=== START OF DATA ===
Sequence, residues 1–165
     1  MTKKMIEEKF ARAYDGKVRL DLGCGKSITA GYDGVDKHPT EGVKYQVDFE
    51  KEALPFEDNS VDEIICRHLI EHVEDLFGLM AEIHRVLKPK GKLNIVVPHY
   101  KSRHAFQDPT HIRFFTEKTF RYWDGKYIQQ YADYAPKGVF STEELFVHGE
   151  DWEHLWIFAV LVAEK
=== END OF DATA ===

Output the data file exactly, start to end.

Sequence, residues 1–165
     1  MTKKMIEEKF ARAYDGKVRL DLGCGKSITA GYDGVDKHPT EGVKYQVDFE
    51  KEALPFEDNS VDEIICRHLI EHVEDLFGLM AEIHRVLKPK GKLNIVVPHY
   101  KSRHAFQDPT HIRFFTEKTF RYWDGKYIQQ YADYAPKGVF STEELFVHGE
   151  DWEHLWIFAV LVAEK